Arman

Arman, his actual name was Armand Pierre Fernandez, was born in 1928, in Nice. After finishing school, he enrolled at the École Nationale Supérieure des Arts Décoratifs and finished his studies in 1949. During this time, he met Yves Klein and, like Klein, became interested in Eastern philosophy. He especially focused on Buddhism and astrology as well as the mystical tradition of the 17th-century Rosicrucians. Together with Klein and Claude Pascal, Arman embarked on a journey through Europe in 1947.

Despite his artistic interests, Arman initially decided to become an auctioneer. After leaving Nice, he started studying archaeology and Oriental art at the École du Louvre in Paris. However, during this time he also worked on paintings that were strongly influenced by Surrealism. Soon his art came to be increasingly shaped by new, realist tendencies, a development that was also initiated by his getting to know art critic Pierre Restany in 1951. In 1952 Arman’s work as an artist was interrupted by his military service in what was then French Indochina. He returned to Nice a year later and new points of artistic reference gained importance: He became involved with African art. Yet with his more abstract works, Arman also drew on the paintings of Serge Poliakoff, Nicolas de Staëls, as well as on Jackson Pollock’s »All-Over« technique.

Having seen an exhibition by Kurt Schwitters in Paris, Arman started doing Cachets: stamp imprints and stamp pictures that he presented to the public for the first time in 1956. In 1958 he took up this artist name »Arman« and showed his work together with Klein in an exhibition entitled »Le Vide.« Yet one year later, he turned away from painting entirely. The Allures d’objets, imprints of dyed objects on canvas and paper, emerged, along with the so-called Poubelles, boxes of Plexiglas with encased refuse, and the Accumulations, presenting the accumulation of alike objects deprived of their function. Arman was equally concerned with material and with its structure. He used things found: refuse, everyday objects, and objects of consumption and then structured and arranged them according to his own principles. His work is therefore closely related to that of César, e. g. to the latter’s car wrecks and metal pieces compressed into cubic shapes (Compression). Causing quite a stir, Arman’s room filled with garbage was presented in 1960 at the Galerie Iris Clert in Paris. However, more pictorial objects emerged in 1962, among them Chopin’s Waterloo, a formation of shattered piano parts. The assemblages of destroyed or cut-up and sequentially arranged music instruments (Colère de Violon / Anger ofViolin) which Arman kept varying in multiple ways were important also for the artist’s later work.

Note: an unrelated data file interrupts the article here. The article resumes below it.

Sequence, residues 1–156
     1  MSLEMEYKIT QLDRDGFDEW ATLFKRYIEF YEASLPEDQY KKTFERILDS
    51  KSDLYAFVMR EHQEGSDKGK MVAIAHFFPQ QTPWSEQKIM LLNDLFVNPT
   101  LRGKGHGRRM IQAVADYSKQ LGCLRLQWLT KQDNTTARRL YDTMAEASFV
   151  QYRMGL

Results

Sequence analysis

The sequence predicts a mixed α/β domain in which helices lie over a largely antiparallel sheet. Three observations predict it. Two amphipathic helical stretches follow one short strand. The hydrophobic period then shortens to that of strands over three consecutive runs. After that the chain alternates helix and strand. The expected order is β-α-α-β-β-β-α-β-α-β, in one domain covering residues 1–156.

Along with Klein, Daniel Spoerr, Jacques Villeglé, Raymond Hains, François Dufrêne, Martial Raisse, and Jean Tinguely, Arman was also co-founder of the movement »Les Nouveaux Réalistes,« in 1960. The movement dedicated itself to a new approximation of perception to the real, its theoretician being Pierre Restany. In Paris, Arman then met American artists Jasper Johns and Robert Rauschenberg. Moreover, he made contact with the larger circle of the Group ZERO, and soon also with Marcel Duchamp.

In the Actions which Arman did in the early 1960s together with Klein, but also in the Colères / Fits of Rage, or the Coupes / Cuttings that followed, object- and material-related elements remained important. Yet through the immediacy of Actions and their presentation, of staged destructions, detonations or burnings (Combustions) and their subsequent exhibition, his work now acquired a more performative character. Starting in 1964, the Inclusions were developed as quasi-synthesis of material objects and Actions. Here, Arman cast the Accumulations of various objects in polyester or Plexiglas. Finally, he cast them in concrete, so that they were no longer accessible to the gaze (Le cor de l’un, le cor de l’autre / The Horn of One, the Horn of the Other, 1971/74). The Inclusions demonstrate the elementary importance of material, its specific qualities and functions, as well as an emergence of form that depended on the specific Actions.